For instance, his three Variations are Crystalline, Aftershock, and Metallic. In Metallic, he can switch between Gold Skin and Lava Skin (much like Liu Kang’s Dualist Variation). Now let’s take a special move – the rolling ball thing, Back, Forward, Circle – this isn’t really a different move in each Variation. In Crystalline, it’s the Crystalline Ball. Aftershock has the Rock Ball. Metallic has the Gold Ball (in Gold Skin) and Lava Ball (in Lava Skin). Then there’s Back, Forward, Triangle, or the blank Throw. Can you guess? We get Crystalline Throw, Rock Throw, Gold Throw, and Lava Throw. It’s very strange, because essentially the only difference between Tremor’s Variations are cosmetic. There are a very few minor differences, but overall, we’re not given the sort of 3-in-1 package with Tremor and it’s more than a little disappointing. It definitely will keep him a peg or two below the most versatile characters; then again, the alleged differences with Jason’s and Predator’s Variations (especially Unstoppable and Warrior, respectively) are pretty damn laughable.
Tremor isn’t perfect, but it’s a good start. I really hope fan reaction is positive. The did well giving him a look and feel all his own, and his powers are awesome, I just wish they’d put a little more time and thought into them.
Alongside Tremor is the Klassic Pack 2, consisting of MK3 and MK4 costumes. I must say I’m not really sure what the point in adding MK3 versions of Jax and Kung Lao was…they really don’t add anything to the game if I’m being completely honest. However, we do get one cool addition: Quan Chi’s MK4 garb which, in my mind, is what Quan Chi is supposed to look like! I like the weird blue suit and I’ve always thought it suited him much better than the shirtless look he began sporting in Deadly Alliance (though I thought his basic MKX costume was a step in the right direction).
For better or worse, there’s the MKX Kombat Pack. The content itself is integrated into the game well – seamless even – though it would be nice if people who didn’t wish to purchase it didn’t have to look at unavailable slots on their character select screen. In the end I do feel like the characters were treated in a substandard way to the main cast though. Limited combos, skimpy special moves lists, and Variations that fall flat or are too similar to others make these guys stick out a bit as outliers, with Tanya being the most consistent with the “real” characters. It also bugs me that with the plethora of unlockable costumes (both within the game and through the MKX Mobile App and as for sale DLC) these 4 characters only get a single outfit. Really, how hard would it have been to throw each of them one extra skin? It’s just one more thing that makes them feel like second-class characters.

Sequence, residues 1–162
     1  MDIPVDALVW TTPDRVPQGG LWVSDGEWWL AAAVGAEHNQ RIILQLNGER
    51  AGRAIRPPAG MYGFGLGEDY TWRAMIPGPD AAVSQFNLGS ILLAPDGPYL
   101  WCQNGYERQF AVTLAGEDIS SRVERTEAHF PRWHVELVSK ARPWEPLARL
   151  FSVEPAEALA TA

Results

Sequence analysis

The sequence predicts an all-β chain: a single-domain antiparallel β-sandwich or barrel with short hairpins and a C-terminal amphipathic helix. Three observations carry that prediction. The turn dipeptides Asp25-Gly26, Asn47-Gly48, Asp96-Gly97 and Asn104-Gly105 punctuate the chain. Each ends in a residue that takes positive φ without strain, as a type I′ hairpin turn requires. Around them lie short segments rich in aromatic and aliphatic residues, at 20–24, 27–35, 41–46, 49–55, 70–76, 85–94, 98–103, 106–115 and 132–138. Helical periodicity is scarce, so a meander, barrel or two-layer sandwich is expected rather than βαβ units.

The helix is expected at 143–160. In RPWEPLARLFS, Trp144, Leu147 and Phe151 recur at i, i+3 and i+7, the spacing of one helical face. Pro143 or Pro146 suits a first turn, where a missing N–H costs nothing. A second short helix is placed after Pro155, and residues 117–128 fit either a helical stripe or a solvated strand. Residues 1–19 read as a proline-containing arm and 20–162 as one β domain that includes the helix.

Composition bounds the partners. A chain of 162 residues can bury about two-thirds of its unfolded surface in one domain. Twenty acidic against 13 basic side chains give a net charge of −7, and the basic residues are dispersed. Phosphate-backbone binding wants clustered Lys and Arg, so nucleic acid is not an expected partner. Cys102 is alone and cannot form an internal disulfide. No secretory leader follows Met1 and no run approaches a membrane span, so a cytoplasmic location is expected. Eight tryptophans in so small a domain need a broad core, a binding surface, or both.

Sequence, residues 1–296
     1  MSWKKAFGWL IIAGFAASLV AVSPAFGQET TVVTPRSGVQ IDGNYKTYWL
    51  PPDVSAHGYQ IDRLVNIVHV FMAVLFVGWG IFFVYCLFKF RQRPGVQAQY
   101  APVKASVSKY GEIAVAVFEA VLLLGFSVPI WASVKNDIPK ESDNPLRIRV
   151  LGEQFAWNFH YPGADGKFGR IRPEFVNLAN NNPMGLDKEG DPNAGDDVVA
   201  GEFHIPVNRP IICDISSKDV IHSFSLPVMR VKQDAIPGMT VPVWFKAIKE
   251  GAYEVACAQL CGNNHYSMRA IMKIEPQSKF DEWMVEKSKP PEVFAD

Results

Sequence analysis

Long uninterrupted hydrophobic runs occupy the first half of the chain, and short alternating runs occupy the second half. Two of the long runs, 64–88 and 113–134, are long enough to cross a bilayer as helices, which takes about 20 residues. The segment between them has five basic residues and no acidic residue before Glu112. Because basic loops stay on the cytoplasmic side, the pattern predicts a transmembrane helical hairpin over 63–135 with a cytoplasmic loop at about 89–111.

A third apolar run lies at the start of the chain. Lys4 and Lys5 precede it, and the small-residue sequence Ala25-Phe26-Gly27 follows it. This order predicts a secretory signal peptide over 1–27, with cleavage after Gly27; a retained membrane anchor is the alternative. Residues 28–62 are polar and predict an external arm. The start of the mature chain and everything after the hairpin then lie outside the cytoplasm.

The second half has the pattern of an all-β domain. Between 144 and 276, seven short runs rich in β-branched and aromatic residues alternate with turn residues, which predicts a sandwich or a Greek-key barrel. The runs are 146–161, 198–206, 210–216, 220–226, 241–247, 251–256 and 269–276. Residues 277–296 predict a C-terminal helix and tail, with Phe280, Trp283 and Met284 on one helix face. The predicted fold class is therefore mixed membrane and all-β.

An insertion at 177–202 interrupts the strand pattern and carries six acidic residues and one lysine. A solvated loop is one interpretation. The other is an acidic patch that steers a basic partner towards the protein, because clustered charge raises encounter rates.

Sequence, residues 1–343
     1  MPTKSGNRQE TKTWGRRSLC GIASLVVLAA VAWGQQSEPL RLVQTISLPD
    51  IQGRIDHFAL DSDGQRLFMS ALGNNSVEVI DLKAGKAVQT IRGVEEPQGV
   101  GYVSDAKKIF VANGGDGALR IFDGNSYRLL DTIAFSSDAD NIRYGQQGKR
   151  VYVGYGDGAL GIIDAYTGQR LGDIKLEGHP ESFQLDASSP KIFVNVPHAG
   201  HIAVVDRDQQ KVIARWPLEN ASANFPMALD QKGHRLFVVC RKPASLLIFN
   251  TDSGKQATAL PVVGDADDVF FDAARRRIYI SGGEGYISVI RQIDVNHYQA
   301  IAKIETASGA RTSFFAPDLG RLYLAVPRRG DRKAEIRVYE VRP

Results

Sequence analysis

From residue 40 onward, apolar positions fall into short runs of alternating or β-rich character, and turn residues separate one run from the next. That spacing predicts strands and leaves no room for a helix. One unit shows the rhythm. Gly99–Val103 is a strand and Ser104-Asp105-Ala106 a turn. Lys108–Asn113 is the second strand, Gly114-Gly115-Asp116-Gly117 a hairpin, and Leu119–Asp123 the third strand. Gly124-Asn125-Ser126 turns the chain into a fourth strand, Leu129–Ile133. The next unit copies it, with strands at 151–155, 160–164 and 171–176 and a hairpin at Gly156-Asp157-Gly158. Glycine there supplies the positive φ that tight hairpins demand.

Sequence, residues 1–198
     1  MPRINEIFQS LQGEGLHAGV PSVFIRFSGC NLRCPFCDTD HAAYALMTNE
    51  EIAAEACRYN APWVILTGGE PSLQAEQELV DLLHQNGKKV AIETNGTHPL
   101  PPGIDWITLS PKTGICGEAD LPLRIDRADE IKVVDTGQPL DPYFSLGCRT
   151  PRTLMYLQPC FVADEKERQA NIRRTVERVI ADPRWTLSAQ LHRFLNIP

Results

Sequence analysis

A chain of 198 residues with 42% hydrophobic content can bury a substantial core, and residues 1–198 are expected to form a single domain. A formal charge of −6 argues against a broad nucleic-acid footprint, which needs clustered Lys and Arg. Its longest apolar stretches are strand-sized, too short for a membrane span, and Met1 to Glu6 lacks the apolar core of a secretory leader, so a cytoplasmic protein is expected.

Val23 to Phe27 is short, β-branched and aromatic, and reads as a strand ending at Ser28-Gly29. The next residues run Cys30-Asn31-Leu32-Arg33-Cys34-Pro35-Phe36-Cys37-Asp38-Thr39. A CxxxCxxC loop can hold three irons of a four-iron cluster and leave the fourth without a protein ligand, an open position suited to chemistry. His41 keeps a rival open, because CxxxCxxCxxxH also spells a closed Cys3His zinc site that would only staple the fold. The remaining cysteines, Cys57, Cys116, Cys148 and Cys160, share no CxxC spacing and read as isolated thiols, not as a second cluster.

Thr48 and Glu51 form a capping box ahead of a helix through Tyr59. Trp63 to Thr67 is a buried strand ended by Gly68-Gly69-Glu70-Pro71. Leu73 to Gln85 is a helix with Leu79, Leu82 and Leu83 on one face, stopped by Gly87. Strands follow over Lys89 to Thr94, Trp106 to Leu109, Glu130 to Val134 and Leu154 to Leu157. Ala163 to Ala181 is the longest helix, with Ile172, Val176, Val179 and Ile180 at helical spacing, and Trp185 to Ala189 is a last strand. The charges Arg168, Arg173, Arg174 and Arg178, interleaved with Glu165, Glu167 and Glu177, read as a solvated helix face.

Yes, the Kombat Pack does have its problems, or really, more like shortcomings. If you’re not a fanatic you’ll probably be able to enjoy the “MKX experience” just as well with the core roster, though I would recommend dropping a couple of bucks on Goro at least (yet again though, a single costume; I often forget that Goro is technically DLC) because he does have a fully-formed set of moves and variations.
Rumors of a “Kombat Pack 2” are already starting to pop up (mostly due to a phrase tacked onto a live Tremor demo where someone from NetherRealm mentioned “the end of Kombat Pack 1”), with everyone from the standard contenders like Rain, Baraka, and the other revenants (Sindel, Smoke, Nightwolf, Kabal, and Stryker) to other bit roles in the story such as Fujin, Frost, and Sareena, all the way to obscure fan-made “Chrome” and the one and only Spawn as a guest character. (It’s been said that Todd McFarlane handed over copious amounts of Spawn material to the MK development team and told them that he’d provide them with whatever they’d need (legally and artistically) to make Spawn a character in Mortal Kombat.) I personally wouldn’t mind seeing a few more characters make the cut, specifically those from the original MK4 that this storyline borrows so heavily from – Fujin and Reiko are near the top of my list, as is Rain for his role in the story. If NetherRealm Studios wants us to get really excited though, they should throw us 1 or 2 brand spankin’ new kombatants, or someone that gives us a firm clue into what direction the next game might be headed…
So what’s the final verdict? Hardcore fans are going to be all over this (or already have it) but if you haven’t yet picked up Mortal Kombat X for yourself, you may want to hang on a little while for the inevitable “Komplete Edition.” (This hasn’t been confirmed, but surely we’ll see all this supplemental content in one place before too long.) I’m all for tacking on some new characters, let’s just make sure they’re full fleshed out next time. Maybe we’ll even get some new costumes for the previous DLC characters!
Reviewed by The Cubist